“As both legal processes run their course, I hope that our country’s political and community leaders will lower the temperature of rhetoric, refrain from intentionally stoking societal divisions, and remain committed to preserving trust in the values foundations of our shared American justice. system,” said Fitzpatrick, a former FBI agent.

Most of the other House Republicans, who sit in safe red-light districts where their only realistic chance of defeat is the GOP primaries, are rallying behind Trump — including President Kevin McCarthy of California. But members of swing districts are on the front lines of the battle for control of the tightly-divided House, with Democrats targeting them for defeat next year.

A GOP strategist working on the 2024 home races said it was too early to assess the political impact of the indictment. “Right now,” the strategist said, Republicans in pro-Biden districts are “managing like they should — most aren’t saying much” — while those speaking out are “focusing on the argument of militarization”.

Rep. Mike Garcia, R-California, called Trump’s indictment a “continuation of, really, eight years of far-left bad behavior,” arguing he’s been going after Trump since his 2016 campaign.

“They’re ready to use the executive branch this time, the DOJ, to pull out all the stops to eliminate a political opponent who they know will win the election,” Garcia said Friday in an interview with the radio show ” The Morning Answer”.

A rare Republican in a Biden-won district celebrating Trump after the indictment is Rep. George Santos, the disgraced New York lawmaker who faces federal charges against himself for wire fraud, theft of funds public and money laundering.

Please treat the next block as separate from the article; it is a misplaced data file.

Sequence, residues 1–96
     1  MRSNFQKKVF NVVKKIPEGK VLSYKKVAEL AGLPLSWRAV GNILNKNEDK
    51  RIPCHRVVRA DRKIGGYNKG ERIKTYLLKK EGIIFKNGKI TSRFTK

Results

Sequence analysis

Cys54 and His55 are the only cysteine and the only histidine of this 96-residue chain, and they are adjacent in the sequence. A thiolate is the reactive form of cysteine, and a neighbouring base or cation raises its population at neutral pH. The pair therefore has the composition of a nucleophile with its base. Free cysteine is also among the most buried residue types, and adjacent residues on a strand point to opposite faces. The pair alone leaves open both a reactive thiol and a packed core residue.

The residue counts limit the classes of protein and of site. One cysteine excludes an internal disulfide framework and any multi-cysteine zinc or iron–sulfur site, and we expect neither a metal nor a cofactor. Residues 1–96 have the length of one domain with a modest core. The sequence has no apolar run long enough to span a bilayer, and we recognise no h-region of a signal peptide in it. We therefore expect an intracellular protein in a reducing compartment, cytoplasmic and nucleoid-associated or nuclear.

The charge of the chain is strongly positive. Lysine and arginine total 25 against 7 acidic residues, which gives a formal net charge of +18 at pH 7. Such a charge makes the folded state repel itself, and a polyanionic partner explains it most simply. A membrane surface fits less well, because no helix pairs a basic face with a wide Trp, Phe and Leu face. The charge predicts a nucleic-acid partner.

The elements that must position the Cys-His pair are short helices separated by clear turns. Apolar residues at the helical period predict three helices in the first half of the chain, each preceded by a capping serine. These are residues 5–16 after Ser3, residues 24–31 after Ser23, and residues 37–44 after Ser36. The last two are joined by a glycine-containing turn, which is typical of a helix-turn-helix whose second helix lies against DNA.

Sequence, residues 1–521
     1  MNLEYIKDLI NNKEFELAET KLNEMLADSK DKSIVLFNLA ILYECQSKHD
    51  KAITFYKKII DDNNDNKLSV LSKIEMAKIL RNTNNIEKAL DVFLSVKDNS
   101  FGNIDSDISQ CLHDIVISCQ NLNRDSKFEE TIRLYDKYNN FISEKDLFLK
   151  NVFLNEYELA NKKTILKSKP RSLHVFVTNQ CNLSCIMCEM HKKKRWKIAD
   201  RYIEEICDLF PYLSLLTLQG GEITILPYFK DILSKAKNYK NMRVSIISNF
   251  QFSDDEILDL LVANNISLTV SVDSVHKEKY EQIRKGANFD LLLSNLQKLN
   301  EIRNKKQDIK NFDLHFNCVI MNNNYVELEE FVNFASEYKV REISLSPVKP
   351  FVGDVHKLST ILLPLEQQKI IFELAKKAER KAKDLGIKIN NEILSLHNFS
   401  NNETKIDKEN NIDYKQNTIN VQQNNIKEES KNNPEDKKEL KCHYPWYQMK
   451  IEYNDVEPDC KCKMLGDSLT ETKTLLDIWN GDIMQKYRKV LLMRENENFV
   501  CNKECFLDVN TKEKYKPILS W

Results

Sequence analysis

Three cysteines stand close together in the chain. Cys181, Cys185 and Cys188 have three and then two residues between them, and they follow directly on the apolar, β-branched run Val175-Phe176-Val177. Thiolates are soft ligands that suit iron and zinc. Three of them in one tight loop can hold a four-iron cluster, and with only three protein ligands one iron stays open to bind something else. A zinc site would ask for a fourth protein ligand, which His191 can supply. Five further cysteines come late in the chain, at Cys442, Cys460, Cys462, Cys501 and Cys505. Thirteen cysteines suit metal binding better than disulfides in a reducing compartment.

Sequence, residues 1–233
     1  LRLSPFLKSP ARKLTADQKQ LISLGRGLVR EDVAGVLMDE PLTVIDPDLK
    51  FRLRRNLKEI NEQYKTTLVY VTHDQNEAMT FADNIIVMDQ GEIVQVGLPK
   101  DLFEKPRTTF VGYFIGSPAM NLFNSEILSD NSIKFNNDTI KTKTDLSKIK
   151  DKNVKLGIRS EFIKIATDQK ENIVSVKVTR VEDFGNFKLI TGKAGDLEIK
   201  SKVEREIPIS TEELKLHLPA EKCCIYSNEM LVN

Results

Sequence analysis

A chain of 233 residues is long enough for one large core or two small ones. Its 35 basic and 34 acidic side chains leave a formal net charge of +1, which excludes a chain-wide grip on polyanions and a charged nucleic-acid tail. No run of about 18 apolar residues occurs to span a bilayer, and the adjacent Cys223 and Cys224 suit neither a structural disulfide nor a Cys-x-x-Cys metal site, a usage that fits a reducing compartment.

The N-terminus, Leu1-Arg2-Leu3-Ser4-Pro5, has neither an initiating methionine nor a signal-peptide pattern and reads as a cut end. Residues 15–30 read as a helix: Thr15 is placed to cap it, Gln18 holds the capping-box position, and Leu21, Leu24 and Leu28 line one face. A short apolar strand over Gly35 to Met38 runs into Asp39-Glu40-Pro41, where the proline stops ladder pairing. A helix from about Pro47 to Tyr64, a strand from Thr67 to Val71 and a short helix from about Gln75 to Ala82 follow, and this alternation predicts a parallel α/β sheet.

“Another indictment of President Donald J. Trump will not cause the American people to abandon the greatest champion of freedom this great young nation has ever known,” Santos tweeted, adding the hashtag “#Trump2024NowMorethanEver.”

The Democratic Congressional Campaign Committee said the GOP’s endorsement of Trump after the indictment proves he is no longer the party that backs law enforcement.

“Republicans can no longer claim to be the party of public safety with their recent repeated attacks on law enforcement who keep our communities safe,” DCCC spokeswoman Courtney Rice said in a statement. . “The DCCC will continue to hold vulnerable House Republicans accountable for loyalty to their party and to the president federally indicted and twice impeached for public safety.”

The Republican National Congressional Committee, which declined to comment on the indictment or discuss its political impact, hit back at the DCCC.

“No Republican will accept party law enforcement lectures on defunding police and releasing felons to gun down families on the streets,” spokesman Jack Pandol said.

Bacon said it was important for Republicans to speak out on the allegations against Trump and show their party still supports “the rule of law.”

“We can’t do without it,” he said.